About Quitus (Kee-Toos)

QUITUS (pronounced kee-toos)
has been performing the magical and soul-stirring folkloric music of South America
(especially Peru, Bolivia and Ecuador) The traditional music he plays has a rich history,
extending back before the time of the Incas, even before Christ, a time enshrouded
in mystery and legend, evoked by the enchanting sound of the native instruments.

The name QUITUS, in fact, is in memory of a group of people of the same
name, indigenous to the area of modern Quito, Ecuador, before the Incas
consolidated the different native groups of the Andes Mountains into their
monumental empire, Tahuantinsuyo. Even before then, the Quitus of Ecuador
were creating and experimenting with music, utilizing quena, flutes of
bone, rondadors, panpipes constructed from the wings of condors, and bombos,
drums made from the skins of cows, moose and elk. The Quitus were the
creators of the lively and celebratory religious dances called Sanjuanitos,
which is now the national dance of Ecuador.

With the arrival of the Incas and the subsequent conversion of cultures,
the music went through inevitable changes, merging with that of other
various native groups in the region to become known as ''Inca music"
(1200-1500), although what we have today is the result of further extensive
intermixing of native rhythms with the musical influences later brought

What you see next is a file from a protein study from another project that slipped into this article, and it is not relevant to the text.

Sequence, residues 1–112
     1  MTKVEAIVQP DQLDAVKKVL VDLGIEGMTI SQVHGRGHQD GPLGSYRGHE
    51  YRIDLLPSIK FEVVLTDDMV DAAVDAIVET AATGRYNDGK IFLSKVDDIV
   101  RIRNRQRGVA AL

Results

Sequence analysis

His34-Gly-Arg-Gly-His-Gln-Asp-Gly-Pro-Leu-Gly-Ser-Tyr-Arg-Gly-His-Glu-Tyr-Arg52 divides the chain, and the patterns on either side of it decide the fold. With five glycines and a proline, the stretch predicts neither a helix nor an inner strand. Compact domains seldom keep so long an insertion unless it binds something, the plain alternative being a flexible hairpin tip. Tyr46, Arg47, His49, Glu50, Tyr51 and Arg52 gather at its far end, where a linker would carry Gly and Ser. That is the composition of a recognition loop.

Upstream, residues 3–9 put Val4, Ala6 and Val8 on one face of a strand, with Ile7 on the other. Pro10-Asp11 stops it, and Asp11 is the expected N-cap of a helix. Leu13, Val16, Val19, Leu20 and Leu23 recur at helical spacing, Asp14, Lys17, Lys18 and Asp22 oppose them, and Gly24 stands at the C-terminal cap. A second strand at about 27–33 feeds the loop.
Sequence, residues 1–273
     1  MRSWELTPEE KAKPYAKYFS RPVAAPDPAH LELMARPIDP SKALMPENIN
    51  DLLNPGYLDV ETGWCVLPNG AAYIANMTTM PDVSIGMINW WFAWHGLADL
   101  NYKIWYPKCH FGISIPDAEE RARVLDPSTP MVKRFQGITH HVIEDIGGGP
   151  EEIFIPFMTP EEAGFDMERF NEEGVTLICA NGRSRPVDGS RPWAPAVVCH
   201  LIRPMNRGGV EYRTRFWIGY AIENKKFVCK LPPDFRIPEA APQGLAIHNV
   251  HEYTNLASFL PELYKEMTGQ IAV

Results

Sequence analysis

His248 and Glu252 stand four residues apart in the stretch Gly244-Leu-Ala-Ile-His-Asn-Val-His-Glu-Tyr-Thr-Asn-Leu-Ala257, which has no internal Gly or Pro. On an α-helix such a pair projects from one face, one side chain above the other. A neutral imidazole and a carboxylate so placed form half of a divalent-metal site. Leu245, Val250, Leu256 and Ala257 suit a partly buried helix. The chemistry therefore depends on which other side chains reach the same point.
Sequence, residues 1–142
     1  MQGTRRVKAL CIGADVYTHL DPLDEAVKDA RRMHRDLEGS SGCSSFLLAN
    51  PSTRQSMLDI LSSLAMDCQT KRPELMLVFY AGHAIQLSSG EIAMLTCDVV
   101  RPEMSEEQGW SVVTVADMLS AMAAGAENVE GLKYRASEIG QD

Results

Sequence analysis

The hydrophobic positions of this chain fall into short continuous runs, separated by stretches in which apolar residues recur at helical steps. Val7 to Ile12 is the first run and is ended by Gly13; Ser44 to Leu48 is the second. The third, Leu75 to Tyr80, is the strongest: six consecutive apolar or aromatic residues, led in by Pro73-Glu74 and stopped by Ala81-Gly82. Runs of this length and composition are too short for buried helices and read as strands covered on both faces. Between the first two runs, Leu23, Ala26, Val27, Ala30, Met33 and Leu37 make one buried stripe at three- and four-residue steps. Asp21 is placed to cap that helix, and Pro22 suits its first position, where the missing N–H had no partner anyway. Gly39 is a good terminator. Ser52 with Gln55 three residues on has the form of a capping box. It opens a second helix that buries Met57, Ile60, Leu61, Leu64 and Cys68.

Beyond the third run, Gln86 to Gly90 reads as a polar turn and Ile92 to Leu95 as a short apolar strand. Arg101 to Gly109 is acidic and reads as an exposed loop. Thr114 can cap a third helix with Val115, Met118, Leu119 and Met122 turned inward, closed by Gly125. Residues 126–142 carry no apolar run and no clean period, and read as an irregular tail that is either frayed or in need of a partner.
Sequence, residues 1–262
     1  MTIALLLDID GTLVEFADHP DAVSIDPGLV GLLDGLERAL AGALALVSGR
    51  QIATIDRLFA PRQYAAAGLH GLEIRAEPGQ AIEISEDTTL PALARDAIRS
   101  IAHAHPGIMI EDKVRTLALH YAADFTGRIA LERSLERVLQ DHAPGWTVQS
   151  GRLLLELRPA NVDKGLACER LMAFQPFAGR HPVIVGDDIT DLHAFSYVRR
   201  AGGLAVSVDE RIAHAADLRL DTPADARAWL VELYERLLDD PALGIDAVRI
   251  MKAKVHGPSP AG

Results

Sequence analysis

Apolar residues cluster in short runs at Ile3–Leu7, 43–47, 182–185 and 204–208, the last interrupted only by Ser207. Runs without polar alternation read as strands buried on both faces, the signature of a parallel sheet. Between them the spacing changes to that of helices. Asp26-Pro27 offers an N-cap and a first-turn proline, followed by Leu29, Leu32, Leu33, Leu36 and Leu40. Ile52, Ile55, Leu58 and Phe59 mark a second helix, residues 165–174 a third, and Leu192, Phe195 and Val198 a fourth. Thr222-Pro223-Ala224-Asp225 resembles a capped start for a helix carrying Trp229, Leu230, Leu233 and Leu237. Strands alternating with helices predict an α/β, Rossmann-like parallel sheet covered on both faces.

on by the Spanish conquest. The most important musical influence of the
Spanish was the introduction of the stringed instruments (the title, cuatro
and bandolin), and a European notation system in addition to the native
pentatonic system. Other instruments include guerilla, quenacho, bocina,
zampona, siku, antara, palla, toyo, ocarina, chajchas, whistles and rainsticks
from the jungle.

Finally, never static, the music is currently incorporating worldwide
influences and technology to become a dynamic and flourishing testament
to a culture, which, though conquered and repressed, is indestructible
because of its ingenuity and ability to survive and renew its legendary
memory, wisdom and pride in the modern world through an ancient art form.
The music has been the timekeeper, preserving Andean history, myths and
cultural pride from generation to generation when there was no other permitted
means of expression in the face of Indian repression, genocide and denial.

It is uncanny in its never-failing ability to captivate the listener from
any part of the world with its precise and profound evocation of the sorrows
and joys of all of life's seasons, the personal and the naturals from
the poignant sensation of the deep mysteries of space and time so well
understood by our indigenous forefathers, to the ancient call of the earth
and sky's magic harmony. In the poetry of the ancestral language (Quechua
or Aymara) or in Spanish: it is an enduring and spirited homage to Mother
Earth (Pachamama) and Father Sky (Taita inti).

QUITUS is proud to be a part of this fascinating legacy and wants to share
the beauty of this cultural renewal with the rest of the world.